PS: Sorry for picking on Microsoft earlier. The development teams at Microsoft mostly do a good job. It's just that when I first read about the VS 2012 user interface, I was suprised that someone could come up with so many obviously bad ideas. Later I was frustrated that the "designers" mostly ignored the user complaints. It is like buying a car, only to find out on delivery that the windshield is painted black. When you complain, the car salesman would only say: "But it looks cool!"


    Friday, December 07, 2012 8:51 PM
  • On 12/7/2012 3:51 PM, Charcoalgrin wrote:

    Regarding the thousands of string in our project: We are already using string resources for all strings that need to be localized (having thousands of them too). The strings I was talking about must not be localized. They are stored in large arrays. The array element type is a structure with a about 15 members, and only one of them is a string. The array definitions are spread over more than 100 source files. So, in theory we could load the strings from a file into memory, but how would we put the right string into the right element of the right array?

    How about something like this. You gather all these strings into a text file, containing lines like:

    kHuegel=Hügel

    (doesn't have to be this exact way - whatever you find convenient). You then write a tool that consumes this file and generates two source files:

    // MyStrings.h
    extern const char* kHuegel;
    
    // MyStrings.cpp
    const char* kHuegel = "H\xC3\xBCgel";     // Hügel

    In the rest of your code, just include MyStrings.h and use kHuegel in place of "Hügel".


    Igor Tandetnik

    Friday, December 07, 2012 9:13 PM
  • might be an idea to use

    wchar* str;

    for a container as that will handle all symbols properly


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    Friday, December 07, 2012 9:40 PM
  • Thank you for your suggestions.

    Defining the strings as wide character strings and converting them into UTF-8 either on use or during the startup of the program is a possible way to go. We are still using Visual Studio 2010 for now (mainly because we need to support Windows XP), but we consider to move to VS 2012 a few months from now. I am still hoping that Microsoft will provide a solution until then (for example the pragma solution).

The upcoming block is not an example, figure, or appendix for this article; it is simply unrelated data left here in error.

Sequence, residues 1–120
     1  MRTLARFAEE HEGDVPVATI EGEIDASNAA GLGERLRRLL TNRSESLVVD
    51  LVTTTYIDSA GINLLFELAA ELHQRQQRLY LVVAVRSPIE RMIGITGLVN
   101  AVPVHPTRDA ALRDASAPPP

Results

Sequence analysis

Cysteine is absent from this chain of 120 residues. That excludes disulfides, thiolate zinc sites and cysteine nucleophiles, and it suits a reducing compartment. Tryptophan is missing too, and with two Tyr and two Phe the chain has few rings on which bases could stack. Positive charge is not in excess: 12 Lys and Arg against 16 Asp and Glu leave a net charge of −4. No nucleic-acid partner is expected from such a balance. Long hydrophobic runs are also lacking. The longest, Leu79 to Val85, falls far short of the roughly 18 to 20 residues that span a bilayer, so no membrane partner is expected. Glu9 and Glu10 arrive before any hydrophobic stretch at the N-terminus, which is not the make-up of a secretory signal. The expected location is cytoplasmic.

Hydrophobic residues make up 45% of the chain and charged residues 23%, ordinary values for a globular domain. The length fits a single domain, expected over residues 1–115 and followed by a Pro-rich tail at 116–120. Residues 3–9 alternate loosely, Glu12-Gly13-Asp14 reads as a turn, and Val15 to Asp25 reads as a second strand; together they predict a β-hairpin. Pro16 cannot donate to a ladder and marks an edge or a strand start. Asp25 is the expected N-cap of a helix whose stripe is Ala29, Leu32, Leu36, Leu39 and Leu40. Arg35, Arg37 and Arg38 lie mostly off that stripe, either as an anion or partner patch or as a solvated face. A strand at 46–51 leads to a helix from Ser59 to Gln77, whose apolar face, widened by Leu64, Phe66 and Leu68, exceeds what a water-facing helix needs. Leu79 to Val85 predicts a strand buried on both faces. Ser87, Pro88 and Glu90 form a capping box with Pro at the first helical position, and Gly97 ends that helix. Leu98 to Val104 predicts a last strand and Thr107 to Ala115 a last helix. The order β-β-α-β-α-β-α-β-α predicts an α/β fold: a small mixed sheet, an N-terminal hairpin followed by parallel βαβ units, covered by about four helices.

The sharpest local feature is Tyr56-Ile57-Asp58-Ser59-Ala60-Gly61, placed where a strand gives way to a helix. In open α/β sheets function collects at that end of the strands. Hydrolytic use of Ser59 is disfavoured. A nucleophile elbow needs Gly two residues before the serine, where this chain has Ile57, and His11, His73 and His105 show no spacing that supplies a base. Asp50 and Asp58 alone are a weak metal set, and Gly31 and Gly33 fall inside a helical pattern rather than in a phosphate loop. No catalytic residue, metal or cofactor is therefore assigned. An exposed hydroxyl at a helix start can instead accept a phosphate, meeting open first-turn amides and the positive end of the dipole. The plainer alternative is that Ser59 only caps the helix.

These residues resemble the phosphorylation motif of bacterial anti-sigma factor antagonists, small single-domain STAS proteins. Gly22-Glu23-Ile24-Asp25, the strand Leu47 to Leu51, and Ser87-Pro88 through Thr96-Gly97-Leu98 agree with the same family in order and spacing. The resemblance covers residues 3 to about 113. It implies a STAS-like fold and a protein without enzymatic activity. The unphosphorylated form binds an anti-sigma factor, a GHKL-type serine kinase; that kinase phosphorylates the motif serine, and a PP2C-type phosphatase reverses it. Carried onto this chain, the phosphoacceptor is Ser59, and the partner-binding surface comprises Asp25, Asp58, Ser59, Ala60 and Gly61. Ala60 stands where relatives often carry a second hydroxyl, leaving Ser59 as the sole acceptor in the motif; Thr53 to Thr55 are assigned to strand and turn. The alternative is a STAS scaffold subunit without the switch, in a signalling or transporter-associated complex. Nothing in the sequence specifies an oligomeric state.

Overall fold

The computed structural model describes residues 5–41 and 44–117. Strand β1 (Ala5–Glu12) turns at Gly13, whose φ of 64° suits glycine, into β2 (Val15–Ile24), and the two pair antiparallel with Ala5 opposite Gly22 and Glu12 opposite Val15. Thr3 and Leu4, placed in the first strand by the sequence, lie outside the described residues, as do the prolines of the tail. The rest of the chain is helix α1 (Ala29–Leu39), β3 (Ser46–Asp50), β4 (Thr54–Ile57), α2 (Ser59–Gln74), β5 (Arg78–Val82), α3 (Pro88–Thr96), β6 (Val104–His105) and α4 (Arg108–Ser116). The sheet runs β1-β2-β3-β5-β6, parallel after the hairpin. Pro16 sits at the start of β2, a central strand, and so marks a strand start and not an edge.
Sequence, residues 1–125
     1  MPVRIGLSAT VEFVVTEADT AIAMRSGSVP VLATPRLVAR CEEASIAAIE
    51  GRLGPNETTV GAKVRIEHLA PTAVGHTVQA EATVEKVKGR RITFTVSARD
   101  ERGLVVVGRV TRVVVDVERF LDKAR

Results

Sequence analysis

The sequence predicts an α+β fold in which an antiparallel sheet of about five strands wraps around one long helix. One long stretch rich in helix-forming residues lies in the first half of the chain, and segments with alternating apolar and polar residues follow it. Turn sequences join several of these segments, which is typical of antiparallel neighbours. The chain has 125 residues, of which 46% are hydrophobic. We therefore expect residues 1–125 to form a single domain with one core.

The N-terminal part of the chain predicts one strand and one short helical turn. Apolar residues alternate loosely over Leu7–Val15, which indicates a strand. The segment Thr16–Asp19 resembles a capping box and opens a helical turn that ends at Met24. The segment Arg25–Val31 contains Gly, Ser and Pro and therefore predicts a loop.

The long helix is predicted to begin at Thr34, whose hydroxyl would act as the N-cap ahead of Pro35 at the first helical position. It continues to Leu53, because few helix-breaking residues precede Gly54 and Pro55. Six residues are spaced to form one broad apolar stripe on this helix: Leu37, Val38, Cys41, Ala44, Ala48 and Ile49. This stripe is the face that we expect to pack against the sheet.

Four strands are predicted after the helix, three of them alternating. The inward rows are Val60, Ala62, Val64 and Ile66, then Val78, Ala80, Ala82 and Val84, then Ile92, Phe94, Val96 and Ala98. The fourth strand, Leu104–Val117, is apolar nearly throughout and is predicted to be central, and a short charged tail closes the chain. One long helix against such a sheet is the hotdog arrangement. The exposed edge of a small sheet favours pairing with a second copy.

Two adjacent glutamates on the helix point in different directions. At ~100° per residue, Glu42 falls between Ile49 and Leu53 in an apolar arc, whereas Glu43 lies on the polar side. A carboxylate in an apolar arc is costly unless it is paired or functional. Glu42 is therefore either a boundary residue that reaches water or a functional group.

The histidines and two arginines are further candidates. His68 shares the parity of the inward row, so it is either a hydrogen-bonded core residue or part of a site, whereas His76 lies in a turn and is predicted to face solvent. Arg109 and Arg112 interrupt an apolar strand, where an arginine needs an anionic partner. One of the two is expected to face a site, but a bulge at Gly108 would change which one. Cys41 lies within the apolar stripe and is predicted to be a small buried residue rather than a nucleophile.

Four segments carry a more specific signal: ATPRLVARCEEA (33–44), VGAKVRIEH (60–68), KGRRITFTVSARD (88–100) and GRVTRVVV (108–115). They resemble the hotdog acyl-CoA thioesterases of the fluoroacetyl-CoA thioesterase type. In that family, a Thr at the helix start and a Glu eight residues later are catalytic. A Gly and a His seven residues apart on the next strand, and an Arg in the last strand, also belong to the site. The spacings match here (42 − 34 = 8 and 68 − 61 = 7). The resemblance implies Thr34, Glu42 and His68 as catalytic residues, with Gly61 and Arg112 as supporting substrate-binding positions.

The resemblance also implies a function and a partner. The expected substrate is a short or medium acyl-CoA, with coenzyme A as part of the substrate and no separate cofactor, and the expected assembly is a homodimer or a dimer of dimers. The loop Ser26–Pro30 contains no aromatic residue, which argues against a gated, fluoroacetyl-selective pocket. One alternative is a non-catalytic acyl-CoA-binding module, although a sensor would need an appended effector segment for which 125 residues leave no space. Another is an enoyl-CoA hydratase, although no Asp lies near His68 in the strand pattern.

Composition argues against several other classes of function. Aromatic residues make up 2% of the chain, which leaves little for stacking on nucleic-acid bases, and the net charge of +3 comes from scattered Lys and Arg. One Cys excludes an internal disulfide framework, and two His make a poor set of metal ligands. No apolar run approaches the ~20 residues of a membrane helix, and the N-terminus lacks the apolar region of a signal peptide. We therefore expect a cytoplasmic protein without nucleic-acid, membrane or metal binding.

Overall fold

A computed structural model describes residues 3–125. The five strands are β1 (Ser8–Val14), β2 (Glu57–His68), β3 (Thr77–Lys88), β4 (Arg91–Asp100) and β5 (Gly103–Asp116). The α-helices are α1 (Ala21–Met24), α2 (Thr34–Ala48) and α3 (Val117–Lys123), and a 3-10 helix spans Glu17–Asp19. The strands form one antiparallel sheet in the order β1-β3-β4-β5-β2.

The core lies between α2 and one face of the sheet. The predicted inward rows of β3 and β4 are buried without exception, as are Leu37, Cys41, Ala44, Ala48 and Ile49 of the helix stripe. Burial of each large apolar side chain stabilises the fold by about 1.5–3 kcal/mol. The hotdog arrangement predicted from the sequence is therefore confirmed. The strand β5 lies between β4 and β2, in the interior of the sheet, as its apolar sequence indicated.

Friday, December 07, 2012 11:46 PM
  • wchar is a standard component of C++ and its supported by all major vendors

    xp and up can use wchar, but remember xp is now nearing the end of extended support

    no need for a #pragma 


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    Saturday, December 08, 2012 12:13 AM
  • no need for a #pragma

    I disagree. UTF-8 and wchar is not the same. Sure I can convert one into the other, but why should I be forced to do that?

    Imagine having the data type double but having no way to write double literals into your source code. You say that is silly? Why? You can always use strings instead and convert them into double values using the atof() function. So there is no need for double literals, right?

    In my opinion, not having UTF-8 literals is very much the same. And by the way: why would Microsoft implement the pragma into VC++2010 in the first place, if there is no need for it?
    • Edited by Charcoalgrin Saturday, December 08, 2012 11:02 AM
    Saturday, December 08, 2012 10:43 AM
  • you will need to overload your output such as cout <<

    with a parser to convert UNICODE to UTF-8 or any other internet protocol

    I am sure there is a parser around on the net somewhere, try google


    Windows MVP, XP, Vista, 7 and 8. More people have climbed Everest than having 3 MVP's on the wall.

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    Saturday, December 08, 2012 12:33 PM
  • As I said before: This is not about sending UTF-8 to a stream or the console, or about converting Unicode into UTF-8 (which is quite simple). It is about making the compiler generate UTF-8 encoded strings.

    Tuesday, December 11, 2012 8:51 AM
  • Hi,

    Here is the link in connect.microsoft.com:

    http://connect.microsoft.com/VisualStudio/feedback/details/773186/pragma-execution-character-set-utf-8-didnt-support-in-vc-2012

    Have a nice day.

    Regards,


    Elegentin Xie
    MSDN Community Support | Feedback to us
    Develop and promote your apps in Windows Store
    Please remember to mark the replies as answers if they help and unmark them if they provide no help.

    Wednesday, December 12, 2012 6:23 AM